What is this? What is that? These are very useful questions for the beginner of any foreign language. In the following exchange, let’s see how we can make these questions. I also promise that by the end of this section you will have learned a very interesting and helpful pattern, the こ・そ・あ・ど system.


Kayoko: What is this?
Midori: (That is) tea.
Kayoko: What is that (close to the listener)?
Midori: (This is) a watch.
Kayoko: What is that (away from both)?
Midori: (That is) a car.
Kayoko: Which one is yours?
Midori: That one (is my car).

While English only has two demonstrative pronouns (this, that and their plurals), Japanese (as well as Portuguese and Spanish) has three: これ, for things that are close to the speaker; それ, for things that are close to the listener, and あれ, from things that are far from both of them. Finally, there is the word どれ, meaning “which” and is normally used when there are three or more objects to choose from. Lastly, remember that Japanese has no plurals, so これ could be either this or these, depending on context.

Now, the thing about これ, それ, あれ and どれ is that you always have to use them “alone”, that is to say, they must not precede any nouns. So while a sentence like “this is a book” or “is that a bird?” would be ok, if you want to say something like “this table”, “that person”, “those boxes”, etc., you need to use another set of words (which is again also the case for Portuguese and Spanish). Fear not: these words also follow the same こ・そ・あ・ど pattern.


Hiroki: Is this book yours?
Doudou: Yes, it’s mine.
Kayoko: Is that pencil yours?
Midori: No, this pencil is not mine.

As you probably noticed, この, その, あの and どの are the equivalent demonstrative adjectives that we use when they precede a noun. So, remember: “this is a book” is これは本です, while “this book is mine” is この本は私の本です. Also, you may have noticed that some words are between parentheses. In Japanese as well as in English, we can omit words to avoid repetitions; an exchange such as “Is this book your book”, “Yes, this book is my book” sounds just as strange in Japanese, and therefore we omit the second mention of the noun.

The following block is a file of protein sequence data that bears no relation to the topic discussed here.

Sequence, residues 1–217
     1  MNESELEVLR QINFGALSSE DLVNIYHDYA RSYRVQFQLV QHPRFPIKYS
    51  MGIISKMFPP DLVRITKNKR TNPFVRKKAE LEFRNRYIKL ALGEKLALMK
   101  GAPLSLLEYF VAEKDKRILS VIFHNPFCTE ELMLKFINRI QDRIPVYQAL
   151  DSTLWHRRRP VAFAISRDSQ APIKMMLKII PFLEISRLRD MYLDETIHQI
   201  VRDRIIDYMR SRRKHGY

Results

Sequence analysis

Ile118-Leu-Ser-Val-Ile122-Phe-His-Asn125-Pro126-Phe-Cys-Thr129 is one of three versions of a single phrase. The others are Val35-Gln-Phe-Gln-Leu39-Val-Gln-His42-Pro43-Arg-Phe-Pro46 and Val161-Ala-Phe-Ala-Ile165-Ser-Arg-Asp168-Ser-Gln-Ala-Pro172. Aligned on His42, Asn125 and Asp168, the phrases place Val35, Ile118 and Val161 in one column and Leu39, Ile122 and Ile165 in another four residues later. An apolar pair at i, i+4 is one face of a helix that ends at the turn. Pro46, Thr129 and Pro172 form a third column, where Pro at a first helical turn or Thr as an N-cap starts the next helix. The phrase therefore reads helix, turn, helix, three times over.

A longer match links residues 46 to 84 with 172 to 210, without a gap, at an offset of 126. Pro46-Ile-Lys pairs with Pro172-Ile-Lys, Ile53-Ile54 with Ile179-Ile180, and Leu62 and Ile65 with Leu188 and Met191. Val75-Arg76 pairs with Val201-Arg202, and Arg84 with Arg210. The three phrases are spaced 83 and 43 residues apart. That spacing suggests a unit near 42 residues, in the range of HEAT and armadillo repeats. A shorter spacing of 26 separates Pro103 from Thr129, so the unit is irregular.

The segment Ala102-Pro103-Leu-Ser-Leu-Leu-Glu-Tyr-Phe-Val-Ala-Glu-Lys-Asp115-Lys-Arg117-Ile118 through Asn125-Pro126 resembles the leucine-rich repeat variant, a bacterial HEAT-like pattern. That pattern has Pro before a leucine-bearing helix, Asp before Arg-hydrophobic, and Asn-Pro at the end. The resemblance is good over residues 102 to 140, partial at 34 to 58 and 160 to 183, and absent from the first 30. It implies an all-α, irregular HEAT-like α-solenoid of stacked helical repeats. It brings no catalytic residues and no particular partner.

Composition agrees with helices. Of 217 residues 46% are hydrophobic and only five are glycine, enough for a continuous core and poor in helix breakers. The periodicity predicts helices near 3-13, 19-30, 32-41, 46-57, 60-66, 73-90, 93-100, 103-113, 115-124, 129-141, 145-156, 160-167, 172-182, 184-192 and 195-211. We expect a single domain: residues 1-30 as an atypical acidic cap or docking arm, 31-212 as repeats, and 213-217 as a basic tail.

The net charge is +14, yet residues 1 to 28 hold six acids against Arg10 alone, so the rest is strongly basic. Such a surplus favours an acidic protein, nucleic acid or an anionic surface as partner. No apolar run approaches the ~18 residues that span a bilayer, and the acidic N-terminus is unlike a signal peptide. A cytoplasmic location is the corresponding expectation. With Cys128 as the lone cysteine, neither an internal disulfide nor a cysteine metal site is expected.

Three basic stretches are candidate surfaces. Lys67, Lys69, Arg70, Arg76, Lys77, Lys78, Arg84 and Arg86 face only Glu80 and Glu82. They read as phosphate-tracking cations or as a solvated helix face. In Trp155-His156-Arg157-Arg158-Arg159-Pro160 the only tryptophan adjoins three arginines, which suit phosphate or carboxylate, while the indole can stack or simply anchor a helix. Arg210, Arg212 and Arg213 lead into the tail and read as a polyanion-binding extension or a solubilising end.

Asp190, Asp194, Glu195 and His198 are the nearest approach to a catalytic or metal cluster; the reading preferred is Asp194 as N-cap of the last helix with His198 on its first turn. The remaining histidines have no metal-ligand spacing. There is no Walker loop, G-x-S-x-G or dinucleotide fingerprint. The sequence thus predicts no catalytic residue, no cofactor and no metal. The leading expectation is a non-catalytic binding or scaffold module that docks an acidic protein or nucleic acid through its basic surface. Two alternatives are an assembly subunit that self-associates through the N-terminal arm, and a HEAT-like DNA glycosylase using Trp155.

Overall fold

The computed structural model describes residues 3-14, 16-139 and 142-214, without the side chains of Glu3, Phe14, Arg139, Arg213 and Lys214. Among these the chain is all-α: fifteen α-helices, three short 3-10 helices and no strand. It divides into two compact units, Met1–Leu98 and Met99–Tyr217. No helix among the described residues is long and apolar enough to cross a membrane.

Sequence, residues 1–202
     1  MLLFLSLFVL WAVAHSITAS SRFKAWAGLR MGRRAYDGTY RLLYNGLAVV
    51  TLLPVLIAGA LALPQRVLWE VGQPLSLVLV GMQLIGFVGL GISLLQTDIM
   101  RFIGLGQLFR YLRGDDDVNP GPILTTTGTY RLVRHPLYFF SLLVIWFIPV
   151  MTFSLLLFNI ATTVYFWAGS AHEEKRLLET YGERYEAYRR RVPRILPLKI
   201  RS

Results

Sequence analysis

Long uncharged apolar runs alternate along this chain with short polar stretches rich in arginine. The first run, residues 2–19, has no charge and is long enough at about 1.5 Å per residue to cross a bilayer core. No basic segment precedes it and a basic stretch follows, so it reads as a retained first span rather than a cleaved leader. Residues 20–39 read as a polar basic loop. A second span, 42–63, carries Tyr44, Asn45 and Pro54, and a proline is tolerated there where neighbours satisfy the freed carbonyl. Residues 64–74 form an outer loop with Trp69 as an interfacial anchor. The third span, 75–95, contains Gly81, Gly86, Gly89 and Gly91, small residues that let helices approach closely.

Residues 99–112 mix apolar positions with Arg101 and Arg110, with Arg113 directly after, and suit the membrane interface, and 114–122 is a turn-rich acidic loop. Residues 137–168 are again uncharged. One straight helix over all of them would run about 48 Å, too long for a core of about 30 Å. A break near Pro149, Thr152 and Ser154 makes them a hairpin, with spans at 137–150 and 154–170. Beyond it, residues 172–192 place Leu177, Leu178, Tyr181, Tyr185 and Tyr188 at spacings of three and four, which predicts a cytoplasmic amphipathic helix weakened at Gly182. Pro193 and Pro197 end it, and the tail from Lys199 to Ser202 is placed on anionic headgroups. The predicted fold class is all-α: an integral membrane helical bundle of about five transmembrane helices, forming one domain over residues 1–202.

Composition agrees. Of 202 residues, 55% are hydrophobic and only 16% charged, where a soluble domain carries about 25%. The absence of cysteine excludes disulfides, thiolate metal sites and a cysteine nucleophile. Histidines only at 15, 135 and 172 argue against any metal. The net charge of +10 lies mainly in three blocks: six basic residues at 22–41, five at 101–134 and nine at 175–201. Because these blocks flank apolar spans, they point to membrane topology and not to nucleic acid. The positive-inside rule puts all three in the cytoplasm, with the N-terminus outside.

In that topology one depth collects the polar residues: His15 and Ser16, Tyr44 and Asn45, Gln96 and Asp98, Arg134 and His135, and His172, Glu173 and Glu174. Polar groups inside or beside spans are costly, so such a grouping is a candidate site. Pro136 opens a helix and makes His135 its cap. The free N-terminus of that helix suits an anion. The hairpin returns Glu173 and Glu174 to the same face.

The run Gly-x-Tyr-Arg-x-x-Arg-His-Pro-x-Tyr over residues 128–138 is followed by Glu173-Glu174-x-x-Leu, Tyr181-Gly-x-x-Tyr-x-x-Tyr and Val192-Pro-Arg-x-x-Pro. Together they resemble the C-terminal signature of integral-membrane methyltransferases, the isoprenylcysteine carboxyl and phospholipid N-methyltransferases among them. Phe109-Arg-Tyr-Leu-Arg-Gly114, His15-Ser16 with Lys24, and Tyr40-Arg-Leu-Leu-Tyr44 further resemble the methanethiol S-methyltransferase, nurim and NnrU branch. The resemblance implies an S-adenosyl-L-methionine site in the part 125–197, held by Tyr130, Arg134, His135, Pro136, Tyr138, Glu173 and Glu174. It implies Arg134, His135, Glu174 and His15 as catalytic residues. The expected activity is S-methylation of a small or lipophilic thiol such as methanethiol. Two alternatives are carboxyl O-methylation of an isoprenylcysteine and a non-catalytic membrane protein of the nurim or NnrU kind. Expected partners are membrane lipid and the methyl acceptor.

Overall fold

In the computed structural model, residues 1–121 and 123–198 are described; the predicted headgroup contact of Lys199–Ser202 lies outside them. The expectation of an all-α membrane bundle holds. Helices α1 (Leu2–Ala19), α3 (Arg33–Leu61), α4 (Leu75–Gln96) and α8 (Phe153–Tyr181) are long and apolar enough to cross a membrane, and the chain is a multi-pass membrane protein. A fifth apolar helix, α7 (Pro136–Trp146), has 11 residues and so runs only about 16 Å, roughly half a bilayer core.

As you can see, the こ・そ・あ・ど pattern (“near me, near you, far from us, which”) is very helpful. Next, let’s see one more application of the pattern: here, there, where.


Midori: Excuse me, where is the toilet?
Kayoko: There.
Midori: And the post office?
Kayoko: (The post office is) here.
Midori: Thank you very much.


Doudou: Where did you come from, Hiroki?
Hiroki: I come from São Paulo, Brazil. And you?
Doudou: I come from Dakar, Senegal.

As you can imagine, ここ, そこ, あそこ (not “あこ”) and どこ are, respectively, here, there (near the listener), there (far from both speaker and listener) and where. Knowing theこ・そ・あ・ど pattern makes it much easier to remember them.

To wrap-up, here is a handy chart of what we have seen today:

Demonstrative pronounsこれ (this)それ (that (near the listener))あれ (that (far from the listener))どれ (which 
(3+ objects))
Demonstrative adjectivesこの (this [thing])その (that [thing] (near the listener))あの (that [thing] (far from the listener))どの (Which [thing] (3+ objects))
Locationここ (here)そこ (there (near the listener))あそこ (there (far from the listener))どこ (where)

Shukudai section


No grammar shukudai this time! To compensate, let’s work a bit harder on Kanji. We will see some Kanji that are used in words that appear in this article. In addition, we will see some basic Kanji, as well as the characters for numbers 1-5.

This is one of the most used Kanji, as it means “what”. As we have seen in this article, it can be read either as なに or なん, so take care. Combined with other suffixes, it can be used to make many questions, such as 何時なんじですか (what time is it?) or 何枚なんまいですか (how many pages?).

It can also be used to write か (something) or も (nothing). As for writing, beware of the similarities between 何 and 行, which we have seen in the previous article: 何 only has one set of lines, while 行 has double lines on its top part.

Sample sentence: これはですか? (What is this?)

Sample sentence: あした、何時なんじにあいましょうか? (What time are we meeting tomorrow?)

This Kanji originally meant “wheel” (supposedly it mimics the design of a cartwheel as seen from above), but today more commonly means “car”, in Japanese, くるま.

The Chinese reading is しゃ, appearing in words such as 電車でんしゃ (electric train), 自動車じどうしゃ (automobile), 自転車じてんしゃ (bicycle) and 駐車場ちゅうしゃじょう (parking lot).

In addition, please bear in mind that this shape also appears as a radical in many other Kanji, such as 連 (lotus) or 運 (carry).

Sample sentence: みどりのくるまはどれですか? (Which one is Midori’s car?)

Sample sentence: 私は電車でんしゃ仕事しごとへ行きます (I go to work by train.)

Next, let’s study one of the most basic Kanjis of all, meaning “rice field” – showing the importance that rice has in Japanese history. Today this character often appears in Japanese names, where it is read as た or だ, such as 田中たなか (Tanaka), 中田なかた (Nakata), 前田まえだ (Maeda), and place names, such as 羽田空港はねだくうこう (Haneda Airport) or 梅田駅うめだえき (Umeda Station).

Sample sentence: 私のなまえは田中たなかです (My name is Tanaka.)

Sample sentence: 梅田駅うめだえきにいます (I am at Umeda Station.)

Another very basic Kanji, meaning “strength”, “force” or “power”; its Japanese reading is ちから. The Chinese reading is りょく; for example, 努力どりょく (effort), 電力でんりょく (electric power) or 協力きょうりょく (cooperation).

The last one is kind of cool, in my opinion – cooperation as many strengths together.